The other Bs: beer, bulbs, and bricks

Reading is known as the town of the three Bs - Biscuits, Beer and Bulbs. So far we have looked at the most important of these - Biscuits - but it would give a misleading picture to ignore the other Bs. They too played their part in the growth of the town.


This was the beer produced by Simonds Brewery, which was prominently situated in the centre of town, along either side of the Kennet. The site is now occupied by The Oracle shopping centre.

Women packing bottles of Simonds beer as they come from the pasteurising plant in 1945. (REDMG : 1946.52.26)

There was much trading of malt for brewing in Reading during the eighteenth century. Much of it was shipped on by barge to breweries in London. However, it was inevitable that beer should be brewed in Reading too - indeed most towns across the country had their own brewery until the mid twentieth century. By the late eighteenth century there were at least five breweries in Reading, producing 25,000 barrels of beer and porter annually.

Simonds brewery grew steadily

William Blackall Simonds established a brewery in Broad Street in 1785. The brewery grew steadily. In 1813 the firm began supplying beer to the Royal Military College. The young officers there obviously got a taste for Simonds beer because in 1872 the firm got the contract to supply the British Army with beer. Overseas branches in Malta and Gibraltar were formed to deal with army's needs. Like Huntley & Palmers the name Simonds came to have something of an international reputation.

Expansion, relocation, and survival

The brewery by the Kennet, like the Huntley & Palmers factory on the King's Road, grew to be large and complex site, employing a wide variety of trades - from coopers, to cashiers, farriers to filing clerks. The smell of hops lingered in the air, mingling with the smell of biscuits. However, in 1960 Simonds was taken over by Courage and in 1973 production was moved to a shiny new brewery on the edge of town, next to the M4 motorway. This site closed in 2010.


The third B is 'Bulbs' - a rather unconvincing allusion to Suttons Seeds. Suttons began life in 1837 when 'John Sutton & Son' began business. As with both Huntley & Palmers and Simonds the advent of the railway helped to facilitate the growth of the business. Suttons took pride in producing high quality seeds which, like the biscuits and beer, were exported all over the world. They even began supplying royal farms and gardens and their Reading headquarters were proudly named 'The Royal Seed Establishment'. At the turn of the century Suttons employed 2,000 people and had an annual turnover of 210,000 pounds.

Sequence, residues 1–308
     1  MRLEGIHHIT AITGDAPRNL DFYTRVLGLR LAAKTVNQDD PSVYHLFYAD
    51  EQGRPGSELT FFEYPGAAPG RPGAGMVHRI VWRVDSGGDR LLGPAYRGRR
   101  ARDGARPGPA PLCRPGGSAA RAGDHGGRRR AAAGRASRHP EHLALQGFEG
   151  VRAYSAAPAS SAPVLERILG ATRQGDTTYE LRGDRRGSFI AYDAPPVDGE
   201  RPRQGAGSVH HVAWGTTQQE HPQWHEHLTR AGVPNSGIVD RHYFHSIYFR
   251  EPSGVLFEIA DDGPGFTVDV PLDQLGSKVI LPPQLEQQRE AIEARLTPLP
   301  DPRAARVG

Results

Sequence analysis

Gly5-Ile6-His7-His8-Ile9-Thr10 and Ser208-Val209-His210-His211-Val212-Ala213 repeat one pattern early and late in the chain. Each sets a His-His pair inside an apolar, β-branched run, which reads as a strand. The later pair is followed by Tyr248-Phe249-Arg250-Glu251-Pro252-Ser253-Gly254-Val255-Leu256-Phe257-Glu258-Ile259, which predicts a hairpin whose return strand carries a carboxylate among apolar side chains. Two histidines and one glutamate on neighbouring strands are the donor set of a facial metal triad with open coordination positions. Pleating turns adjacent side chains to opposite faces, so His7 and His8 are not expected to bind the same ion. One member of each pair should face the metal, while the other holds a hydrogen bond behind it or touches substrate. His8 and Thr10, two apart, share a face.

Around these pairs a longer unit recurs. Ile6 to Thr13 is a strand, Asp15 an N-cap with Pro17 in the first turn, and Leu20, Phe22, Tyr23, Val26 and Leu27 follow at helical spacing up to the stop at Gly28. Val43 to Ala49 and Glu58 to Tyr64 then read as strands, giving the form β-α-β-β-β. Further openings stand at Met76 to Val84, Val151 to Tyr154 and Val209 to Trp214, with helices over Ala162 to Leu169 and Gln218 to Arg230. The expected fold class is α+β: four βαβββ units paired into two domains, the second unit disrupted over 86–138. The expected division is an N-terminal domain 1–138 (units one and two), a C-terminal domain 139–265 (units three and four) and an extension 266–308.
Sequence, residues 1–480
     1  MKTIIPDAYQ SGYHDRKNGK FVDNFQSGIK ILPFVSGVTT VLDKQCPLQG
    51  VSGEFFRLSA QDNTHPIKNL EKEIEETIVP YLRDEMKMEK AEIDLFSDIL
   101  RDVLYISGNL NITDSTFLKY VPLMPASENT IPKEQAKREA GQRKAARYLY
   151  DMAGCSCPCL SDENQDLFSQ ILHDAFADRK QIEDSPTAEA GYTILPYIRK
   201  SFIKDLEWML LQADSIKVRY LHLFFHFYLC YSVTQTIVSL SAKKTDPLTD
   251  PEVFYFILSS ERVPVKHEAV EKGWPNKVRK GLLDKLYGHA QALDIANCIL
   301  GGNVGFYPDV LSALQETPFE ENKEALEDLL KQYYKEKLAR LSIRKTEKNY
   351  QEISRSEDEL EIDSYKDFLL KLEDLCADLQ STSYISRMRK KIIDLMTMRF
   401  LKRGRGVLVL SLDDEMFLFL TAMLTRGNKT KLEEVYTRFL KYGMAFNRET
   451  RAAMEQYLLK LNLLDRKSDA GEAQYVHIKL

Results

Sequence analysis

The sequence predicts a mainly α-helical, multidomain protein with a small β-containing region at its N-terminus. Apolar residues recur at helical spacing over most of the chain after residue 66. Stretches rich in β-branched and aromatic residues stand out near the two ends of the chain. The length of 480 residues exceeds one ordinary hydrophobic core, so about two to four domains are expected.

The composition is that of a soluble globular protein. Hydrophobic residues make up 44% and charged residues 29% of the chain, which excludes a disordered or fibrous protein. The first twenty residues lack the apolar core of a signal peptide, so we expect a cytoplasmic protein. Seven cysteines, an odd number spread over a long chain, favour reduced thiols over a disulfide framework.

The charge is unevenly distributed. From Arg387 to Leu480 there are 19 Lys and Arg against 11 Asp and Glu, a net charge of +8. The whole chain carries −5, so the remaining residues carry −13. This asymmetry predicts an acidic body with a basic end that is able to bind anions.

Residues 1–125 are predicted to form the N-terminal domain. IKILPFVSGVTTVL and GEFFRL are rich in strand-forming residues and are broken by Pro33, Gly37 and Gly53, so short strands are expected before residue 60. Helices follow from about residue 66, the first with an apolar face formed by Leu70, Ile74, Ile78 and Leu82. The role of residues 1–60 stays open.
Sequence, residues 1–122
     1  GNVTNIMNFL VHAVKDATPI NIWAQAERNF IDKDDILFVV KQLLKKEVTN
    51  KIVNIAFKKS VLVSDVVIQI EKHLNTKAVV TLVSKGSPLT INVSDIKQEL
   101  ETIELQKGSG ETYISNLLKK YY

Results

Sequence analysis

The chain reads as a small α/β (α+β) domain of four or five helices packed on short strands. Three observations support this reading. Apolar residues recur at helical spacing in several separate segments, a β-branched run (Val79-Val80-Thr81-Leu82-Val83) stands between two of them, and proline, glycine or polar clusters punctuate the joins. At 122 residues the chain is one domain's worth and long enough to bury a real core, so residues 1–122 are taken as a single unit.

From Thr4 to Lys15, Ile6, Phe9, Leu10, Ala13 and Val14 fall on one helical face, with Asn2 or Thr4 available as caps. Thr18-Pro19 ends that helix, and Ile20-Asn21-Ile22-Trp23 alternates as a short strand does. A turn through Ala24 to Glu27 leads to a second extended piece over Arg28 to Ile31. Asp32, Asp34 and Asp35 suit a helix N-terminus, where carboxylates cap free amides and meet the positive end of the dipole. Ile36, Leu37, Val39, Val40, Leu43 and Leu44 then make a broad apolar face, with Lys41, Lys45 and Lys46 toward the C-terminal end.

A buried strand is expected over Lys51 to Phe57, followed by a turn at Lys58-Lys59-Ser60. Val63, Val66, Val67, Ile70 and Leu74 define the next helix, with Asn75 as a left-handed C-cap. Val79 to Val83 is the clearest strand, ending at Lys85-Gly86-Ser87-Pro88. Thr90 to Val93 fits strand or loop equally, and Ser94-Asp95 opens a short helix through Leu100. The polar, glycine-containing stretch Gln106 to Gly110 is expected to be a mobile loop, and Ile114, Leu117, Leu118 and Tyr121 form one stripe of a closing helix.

A gardener pollinates a begonia at Suttons Seeds in 1945. Suttons Seeds' glass houses and seed testing grounds covered many acres on the outskirts of town (REDMG : 1946.52.37)

The headquarters building fronted Market Place, taking up much of the eastern side. Behind the grand offices facing the street there were six acres of sheds, where the seeds were packed. The seeds themselves were produced in large fields and greenhouses on the eastern edge of town. In the late nineteenth century passengers on Great Western trains passing through Reading could see both the large red brick biscuit factory, with its smoking chimneys, followed by dazzling fields of red, white and yellow flowers. However, in 1974 the company moved to Torquay, apparently because they found it difficult to get part-time workers.

Suttons Seeds order room in 1945 (Museum object no. 1946.52.41)


To biscuits, beer and bulbs many would add a fourth B - bricks. Bricks and tiles have been made in Reading and the surrounding area since the medieval period. Tilehurst, once a hamlet near Reading, now a suburb, testifies to the antiquity of this industry in the area. By the nineteenth century there were many kilns in and around the town the largest of which - S & E Collier - was based in Coley. They moved to Grovelands in Tilehurst in 1870 and the firm remained in business until 1966. Reading's distinctive silver-grey bricks were made Poulton's at the Waterloo Kiln in Katesgrove, although this firm was bought by Colliers in 1906.

Packing a brick kiln at S&E Collier's brickworks in 1945. Collier’s were Reading’s largest brickmakers, they moved to Grovelands in 1870 and operated there until 1966. They were well known for their terracotta and ‘Reading Red’ bricks (REDMG : 1946.52.44)

Other notable businesses

All of these business - and others, such as the once celebrated Cock's Reading Sauce factory in the King's Road, or the Huntley, Boorne & Stevens tin factory in London Street - combined with Huntley & Palmers to make Reading a thriving place in the nineteenth century. Ironically, if Reading is known today it is not because of Suttons Seeds or even Huntley and Palmers biscuits, but because of Reading Prison, immortalized by Oscar Wilde's 'The Ballad of Reading Gaol'. 

Cocks' Reading Sauce obtained a national reputation. In Jules Verne's 1872 adventure novel 'Around the World in Eighty Days' the hero Phileas Fogg breakfasts at London's Reform Club on 'broiled fish with Reading Sauce'. (REDMG : 2002.176.40)

Though Huntley & Palmers transformed modern Reading, the company ceased making biscuits here in the 1970s. So, what does Reading produce today?